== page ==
Thursday, October 26th 2017

AMD "Raven Ridge" Silicon Detailed

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btarunr
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The "Zen" CPU micro-architecture seems to be turning AMD's fortunes as it reported its first black quarter in years. The 14 nm "Zeppelin" or "Summit Ridge" die is at the heart of this change. This 8-core CPU die is implemented on everything from performance mobile packages, to single-die mainstream-desktop socket AM4 under the Ryzen 3, Ryzen 5, and Ryzen 7-series, 2-die high-end desktop (HEDT) multi-chip modules under Ryzen Threadripper, and the 4-die enterprise multi-chip modules under the EPYC brand. The next logical step for AMD with its new "Zen" CPU IP was to fuse it with the "Vega" graphics architecture, and give its APU lineup a much needed overhaul. At the heart of this move is the new 14 nm "Raven Ridge" silicon.

While "Summit Ridge" is the combination of two "Zen" CCX (quad-core CPU complex) units making up an 8-core CPU die that lacks integrated graphics, the "Raven Ridge" silicon combines one "Zen" CCX with an integrated graphics core based on the "Vega" architecture. AMD's new Infinity Fabric interconnect ferries data between the CCX and the iGPU, and not an internal PCIe link. The CCX houses four "Zen" CPU cores with 64 KB of L1I cache, 32 KB of L1D cache, 512 KB of dedicated L2 cache, and 4 MB of L3 cache shared between the four cores.
The integrated graphics core is a different beast. It features similar (albeit scaled-down) front-end and back-ends from the "Vega 10" silicon, a similar video engine, and an SIMD area with 10 "Vega" next-gen compute units (NGCUs). This works out to a stream processor count of 640. Other key specifications include 40 TMUs, and 16 ROPs.

The video engine is now extremely capable, supporting hardware-accelerated decoding of CODECs such as VP9 10-bpc and HEVC 10-bpc at frame-rates of up to 240 for 1080p, and 60 for 4K UHD. It can also encode H.265 8-bpc at frame-rates of up to 120 at 1080p, and 30 at 4K UHD. You finally get to use the display connectors on your socket AM4 motherboards, as the iGPU supports DisplayPort 1.4 and HDMI 2.0b, with resolutions of up to 3840 x 2160 @ 60 Hz with HDR, 1440p @ 144 Hz, and 1080p @ 240 Hz.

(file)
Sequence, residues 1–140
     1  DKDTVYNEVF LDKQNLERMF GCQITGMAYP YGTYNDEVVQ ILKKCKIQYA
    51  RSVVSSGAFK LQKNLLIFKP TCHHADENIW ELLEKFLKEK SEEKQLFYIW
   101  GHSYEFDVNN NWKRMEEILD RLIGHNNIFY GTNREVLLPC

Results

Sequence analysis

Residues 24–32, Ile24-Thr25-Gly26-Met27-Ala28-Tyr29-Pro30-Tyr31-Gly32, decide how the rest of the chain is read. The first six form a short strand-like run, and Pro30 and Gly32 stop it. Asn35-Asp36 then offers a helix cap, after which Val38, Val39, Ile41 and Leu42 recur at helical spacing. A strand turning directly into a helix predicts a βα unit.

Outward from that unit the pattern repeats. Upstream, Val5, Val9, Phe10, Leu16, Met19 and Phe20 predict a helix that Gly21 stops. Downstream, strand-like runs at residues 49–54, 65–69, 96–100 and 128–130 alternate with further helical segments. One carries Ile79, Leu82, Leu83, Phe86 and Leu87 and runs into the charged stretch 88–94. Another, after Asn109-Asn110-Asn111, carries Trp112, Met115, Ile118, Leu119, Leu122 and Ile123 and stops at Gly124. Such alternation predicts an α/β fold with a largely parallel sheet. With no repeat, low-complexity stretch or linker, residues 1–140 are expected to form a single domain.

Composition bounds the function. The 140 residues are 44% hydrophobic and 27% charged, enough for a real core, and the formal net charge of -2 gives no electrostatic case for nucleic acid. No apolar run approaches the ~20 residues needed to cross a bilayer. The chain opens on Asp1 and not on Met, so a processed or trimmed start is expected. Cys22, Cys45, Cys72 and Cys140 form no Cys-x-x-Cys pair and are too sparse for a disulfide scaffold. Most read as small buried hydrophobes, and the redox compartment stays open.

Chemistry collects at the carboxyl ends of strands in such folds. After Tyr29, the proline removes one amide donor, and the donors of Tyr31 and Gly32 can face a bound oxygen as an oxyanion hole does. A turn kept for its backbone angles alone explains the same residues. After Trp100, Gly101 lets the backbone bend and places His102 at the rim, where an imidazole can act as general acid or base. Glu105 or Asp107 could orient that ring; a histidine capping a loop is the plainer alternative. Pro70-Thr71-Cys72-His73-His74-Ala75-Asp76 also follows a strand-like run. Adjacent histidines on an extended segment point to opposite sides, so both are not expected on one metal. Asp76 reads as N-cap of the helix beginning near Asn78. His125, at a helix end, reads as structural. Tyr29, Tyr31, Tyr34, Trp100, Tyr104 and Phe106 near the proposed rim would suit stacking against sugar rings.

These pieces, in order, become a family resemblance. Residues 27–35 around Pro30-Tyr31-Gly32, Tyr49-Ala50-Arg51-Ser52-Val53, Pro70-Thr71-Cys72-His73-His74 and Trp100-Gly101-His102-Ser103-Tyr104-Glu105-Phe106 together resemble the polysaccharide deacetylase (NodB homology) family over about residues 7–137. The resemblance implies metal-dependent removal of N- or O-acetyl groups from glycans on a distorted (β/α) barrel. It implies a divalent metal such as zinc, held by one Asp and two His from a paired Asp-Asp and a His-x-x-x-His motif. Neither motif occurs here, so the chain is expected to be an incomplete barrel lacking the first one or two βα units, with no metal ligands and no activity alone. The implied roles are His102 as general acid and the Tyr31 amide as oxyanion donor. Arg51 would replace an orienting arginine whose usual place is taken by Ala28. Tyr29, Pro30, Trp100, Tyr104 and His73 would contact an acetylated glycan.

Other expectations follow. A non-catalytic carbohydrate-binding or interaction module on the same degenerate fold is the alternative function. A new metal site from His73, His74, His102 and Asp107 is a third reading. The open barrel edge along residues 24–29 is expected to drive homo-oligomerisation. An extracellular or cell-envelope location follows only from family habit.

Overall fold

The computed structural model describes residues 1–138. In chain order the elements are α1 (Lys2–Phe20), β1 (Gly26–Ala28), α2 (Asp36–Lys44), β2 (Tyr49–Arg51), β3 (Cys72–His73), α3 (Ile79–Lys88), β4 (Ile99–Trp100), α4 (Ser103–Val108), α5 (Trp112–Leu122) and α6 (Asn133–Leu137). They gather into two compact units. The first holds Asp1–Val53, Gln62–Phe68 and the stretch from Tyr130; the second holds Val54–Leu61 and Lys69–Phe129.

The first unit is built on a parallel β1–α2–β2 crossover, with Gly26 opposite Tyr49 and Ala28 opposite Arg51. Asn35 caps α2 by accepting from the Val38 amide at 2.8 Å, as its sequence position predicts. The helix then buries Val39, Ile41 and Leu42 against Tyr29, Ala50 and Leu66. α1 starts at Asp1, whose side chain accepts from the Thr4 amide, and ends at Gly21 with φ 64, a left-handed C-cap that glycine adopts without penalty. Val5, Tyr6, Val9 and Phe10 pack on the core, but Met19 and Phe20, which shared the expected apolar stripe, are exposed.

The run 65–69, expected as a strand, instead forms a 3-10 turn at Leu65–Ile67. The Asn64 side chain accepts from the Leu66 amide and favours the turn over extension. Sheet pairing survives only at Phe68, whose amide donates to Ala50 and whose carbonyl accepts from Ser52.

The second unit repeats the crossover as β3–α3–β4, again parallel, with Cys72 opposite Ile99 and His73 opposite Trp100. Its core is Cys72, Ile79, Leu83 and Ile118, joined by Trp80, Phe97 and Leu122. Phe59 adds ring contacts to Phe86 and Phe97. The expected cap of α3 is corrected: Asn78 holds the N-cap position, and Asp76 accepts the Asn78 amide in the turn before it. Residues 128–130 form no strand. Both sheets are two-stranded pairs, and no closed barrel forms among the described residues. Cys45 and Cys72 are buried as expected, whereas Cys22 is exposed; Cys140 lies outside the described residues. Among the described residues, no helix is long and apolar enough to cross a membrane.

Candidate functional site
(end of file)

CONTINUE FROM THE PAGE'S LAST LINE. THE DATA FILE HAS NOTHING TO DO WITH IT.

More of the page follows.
The Infinity Fabric interconnect forms the backbone of this silicon, as it connects all key components with each other, including the "Zen" CCX, the "Vega" iGPU, the display engine, the multimedia engine, the integrated northbridge, as well as the integrated southbridge (since like "Summit Ridge," "Raven Ridge" is an SoC).

The integrated northbridge features a dual-channel DDR4 integrated memory controller supporting up to 64 GB of memory at clock speeds of up to DDR4-3200; and a PCI-Express gen 3.0 root complex with a 28-lane budget. This means that besides the x4 A-Link chipset bus, the M.2 PCIe slots on typical machines will be wired to the APU. The integrated southbridge puts out two SATA 6 Gbps ports, and four USB 3.0 ports.

AMD seems so have increased the amount of power-gating on its silicon. Disabled or idling components triggered by lower power-states, are now power-gated (their power-supply cut off), and not clock-gated (their clock cadence cut-off). The chip is peppered with multiple LDO (low-dropout regulator) regions for the CCX, iGPU, and uncore regions, with a common VDD package rail for both the off-chip (on motherboard) and on-chip voltage controllers.
Each component has a PG (power-gatable) region and an AON (always-on) region. The AON region is to make sure the component doesn't disappear from the address table while the system is running. The total max current requirements as a result of such as design change, have been reduced by as much as 36 percent.

The full AMD press deck with more technical info can be found at the end of this news post.
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